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Data Management Planning

Many federal and private funding agencies now request information on how you will manage the data created or used during your project. In many cases, this is a required part of the grant proposal itself. The page below includes information about creating a data management plan, including tips, examples, and additional university resources. If you are interested in individual help, please see our Consultations page.

Creating a Data Management Plan

Need help getting started?

Not sure how to respond to a funder’s data management policy? Contact the Library for help. We can assist in creating data management plan templates specific to your RFP, identifying applicable campus resources and services, getting started with the DMPTool, meet one-on-one to discuss your proposal, and review your data management plan before submitting your final proposal. Contact us at: Please see our Consultations page for information on timelines and resources.

DMP Fundamentals

A data management plan is a tool to assist in the efficient management of your research. It is a written document that describes how you will organize, store, and share your research data – during and after you complete your research.

Although most researchers already engage in some kind of data management, a written plan allows you to document your policies and procedures, and consequently improve how you manage your research activities.

When do I need to create a data management plan? While we recommend always preparing a data management plan as a way to maintain discipline when collecting, analyzing, and preserving your research data, there are a few situations that require creation of a DMP:

  • When requesting Boise State storage of more than 500 gigabytes.
  • When submitting a proposal to a federal funding agency (NSF, NIH, others).

Basic Elements of a Data Management Plan

Although data management plan requirements for specific funders will vary, most plans typically include:

  • Description of the data being gathered including types, formats, and size,
  • Metadata used and the disciplinary standards applied to the metadata,
  • Organizational and management systems used,
  • Procedures used to assure data quality,
  • Information about responsible parties and their specific duties,
  • Description of the expected users of the data and policies regarding their access,
  • Plans for long-term access and preservation,
  • Budget plans for data management-related activities

Common Questions

  • What data will be collected?
    • What types and file formats?
    • How will it be created/captured?
    • How much data?
  • Is existing data being used in this project?
    • How/What/Why?
  • What metadata will be associated with the data?
    • What metadata standards or schema will you use?
    • How will it be stored and searched?
  • What data will be preserved for the long-term?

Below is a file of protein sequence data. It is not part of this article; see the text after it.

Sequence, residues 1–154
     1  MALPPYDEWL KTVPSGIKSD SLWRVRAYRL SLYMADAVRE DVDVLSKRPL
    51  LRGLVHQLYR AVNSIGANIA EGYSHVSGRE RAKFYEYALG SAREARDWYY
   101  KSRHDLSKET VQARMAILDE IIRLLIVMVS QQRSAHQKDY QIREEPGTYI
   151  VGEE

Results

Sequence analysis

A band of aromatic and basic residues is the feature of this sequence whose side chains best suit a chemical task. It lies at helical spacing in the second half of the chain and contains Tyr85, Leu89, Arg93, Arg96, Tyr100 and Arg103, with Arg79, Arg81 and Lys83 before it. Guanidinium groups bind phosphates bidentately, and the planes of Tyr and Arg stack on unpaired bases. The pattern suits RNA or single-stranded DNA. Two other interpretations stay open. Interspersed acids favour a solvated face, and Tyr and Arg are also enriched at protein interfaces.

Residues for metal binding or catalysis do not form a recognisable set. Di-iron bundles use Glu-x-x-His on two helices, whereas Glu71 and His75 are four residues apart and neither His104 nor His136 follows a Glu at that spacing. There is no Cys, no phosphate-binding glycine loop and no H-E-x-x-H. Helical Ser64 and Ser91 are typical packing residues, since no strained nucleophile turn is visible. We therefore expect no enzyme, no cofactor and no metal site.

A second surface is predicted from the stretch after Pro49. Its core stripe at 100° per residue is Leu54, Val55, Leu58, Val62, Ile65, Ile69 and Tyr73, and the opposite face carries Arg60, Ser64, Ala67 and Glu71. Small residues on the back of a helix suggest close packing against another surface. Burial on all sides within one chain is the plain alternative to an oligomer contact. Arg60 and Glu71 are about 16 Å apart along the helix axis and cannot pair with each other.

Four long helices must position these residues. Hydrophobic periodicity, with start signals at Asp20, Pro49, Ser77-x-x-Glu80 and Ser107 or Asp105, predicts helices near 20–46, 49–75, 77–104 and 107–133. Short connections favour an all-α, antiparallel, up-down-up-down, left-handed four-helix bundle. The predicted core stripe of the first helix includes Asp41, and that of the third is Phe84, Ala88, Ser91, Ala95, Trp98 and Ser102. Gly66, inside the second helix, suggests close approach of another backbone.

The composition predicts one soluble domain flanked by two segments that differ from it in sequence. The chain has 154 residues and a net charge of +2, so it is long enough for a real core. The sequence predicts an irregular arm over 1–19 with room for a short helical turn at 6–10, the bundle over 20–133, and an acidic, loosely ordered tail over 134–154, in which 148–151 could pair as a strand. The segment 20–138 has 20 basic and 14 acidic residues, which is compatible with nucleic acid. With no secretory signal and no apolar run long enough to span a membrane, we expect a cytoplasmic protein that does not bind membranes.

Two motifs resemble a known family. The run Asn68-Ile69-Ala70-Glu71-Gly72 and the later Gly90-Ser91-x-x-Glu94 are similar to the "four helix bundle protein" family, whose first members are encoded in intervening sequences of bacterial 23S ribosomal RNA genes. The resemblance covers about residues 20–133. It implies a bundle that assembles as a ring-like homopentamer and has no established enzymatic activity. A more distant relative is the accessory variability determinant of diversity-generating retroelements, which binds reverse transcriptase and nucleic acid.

• How long?
  • What transformations (to more shareable formats) will be necessary to prepare data for preservation/sharing?
  • Where will the data be stored during the project?
    • How/where will it be accessed/distributed?
  • Have you gained consent for data preservation/sharing?
    • How will you protect the identity of human participants?
    • How will you safeguard the location of protected research sites?
    • What are you doing to comply with IRB requirements?
    • What ethical/privacy issues are related to your data?
  • Who will be responsible for data archives?
    • How long will data be archived?
    • What backup procedures are in place?
    • Are you placing your data in a repository? Which one?
  • Who are potential data users?
    • Under what conditions will you share the data with them?
  • When will data be released and why is that time frame appropriate? (Will there be an embargo period?)
  • What is the process for gaining access to the data?
    • Is permission needed?
    • Will a data sharing agreement be required?

Tools and Resources


  • The Office of Sponsored Projects, the Office of Information Technology, and Albertsons Library have worked together to customize the DMPTool, an online resource to help researchers generate data management plans. To use the DMPTool, follow these steps:
    1. Go to:
    2. Select the Log In link in the upper right corner.
    3. Choose Boise State University from the Select Your Institution drop-down list.
    4. When prompted, log in using your myBoiseState username and password.
    5. If you are a new user, you will be prompted to provide basic profile information.
    6. Returning users will be provided the option to create a new data management plan or edit existing plans.

Costing Tool

  • Some funding agencies allow work related to data management to be included in budget proposals. For assistance in developing that part of your budget, consider using our costing tool.

Additional tools and resources can be found on the 5.2 Data Management excel sheet.

Additional Campus Support Services

Office of Information Technology  Provides technology solutions and services, including storage and servers

Office of Research Compliance  Provides assistance to faculty, staff, and students in conducting research in compliance with federal, state, and local regulations

Office of Research Development  Assists in proposal development and research capacity building

Office of Sponsored Programs  Provides expertise and collaboration when developing sponsored projects

Office of Technology Transfer  Supports research activities and manages industry relations and intellectual property commercialization for the university

Research Computing Support  Provides access to computational services and resources for faculty working on research projects